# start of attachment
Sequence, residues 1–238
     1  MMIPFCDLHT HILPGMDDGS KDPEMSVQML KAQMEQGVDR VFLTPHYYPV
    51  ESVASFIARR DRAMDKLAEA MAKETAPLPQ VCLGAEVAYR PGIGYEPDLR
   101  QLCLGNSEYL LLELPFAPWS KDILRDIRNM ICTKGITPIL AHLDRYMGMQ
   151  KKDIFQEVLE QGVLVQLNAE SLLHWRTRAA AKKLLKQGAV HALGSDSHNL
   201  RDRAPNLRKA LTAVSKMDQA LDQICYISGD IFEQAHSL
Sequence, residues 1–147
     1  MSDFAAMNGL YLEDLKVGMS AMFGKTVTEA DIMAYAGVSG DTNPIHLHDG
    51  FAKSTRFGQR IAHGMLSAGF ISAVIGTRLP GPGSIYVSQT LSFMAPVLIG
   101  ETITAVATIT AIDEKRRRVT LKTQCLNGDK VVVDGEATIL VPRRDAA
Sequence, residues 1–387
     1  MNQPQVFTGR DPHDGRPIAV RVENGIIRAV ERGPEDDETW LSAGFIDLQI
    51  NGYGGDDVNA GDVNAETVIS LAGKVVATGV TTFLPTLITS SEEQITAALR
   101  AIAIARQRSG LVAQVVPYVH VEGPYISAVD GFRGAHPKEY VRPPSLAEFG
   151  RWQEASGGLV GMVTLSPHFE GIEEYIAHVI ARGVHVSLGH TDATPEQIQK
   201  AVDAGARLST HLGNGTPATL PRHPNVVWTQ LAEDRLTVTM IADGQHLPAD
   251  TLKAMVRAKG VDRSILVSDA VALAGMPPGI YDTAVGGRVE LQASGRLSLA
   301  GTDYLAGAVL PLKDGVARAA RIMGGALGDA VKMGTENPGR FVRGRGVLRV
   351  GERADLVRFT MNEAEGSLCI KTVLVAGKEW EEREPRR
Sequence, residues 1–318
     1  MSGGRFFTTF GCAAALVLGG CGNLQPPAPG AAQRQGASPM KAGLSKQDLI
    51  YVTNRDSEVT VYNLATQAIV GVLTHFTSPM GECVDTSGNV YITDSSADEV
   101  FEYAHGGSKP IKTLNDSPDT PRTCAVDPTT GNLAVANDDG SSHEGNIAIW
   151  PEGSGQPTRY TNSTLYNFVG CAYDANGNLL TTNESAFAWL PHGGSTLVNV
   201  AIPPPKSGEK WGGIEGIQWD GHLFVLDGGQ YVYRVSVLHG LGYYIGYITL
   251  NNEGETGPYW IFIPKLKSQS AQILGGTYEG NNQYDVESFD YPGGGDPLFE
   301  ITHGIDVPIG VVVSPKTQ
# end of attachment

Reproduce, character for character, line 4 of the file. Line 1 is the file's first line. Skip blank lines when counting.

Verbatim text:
   101  QLCLGNSEYL LLELPFAPWS KDILRDIRNM ICTKGITPIL AHLDRYMGMQ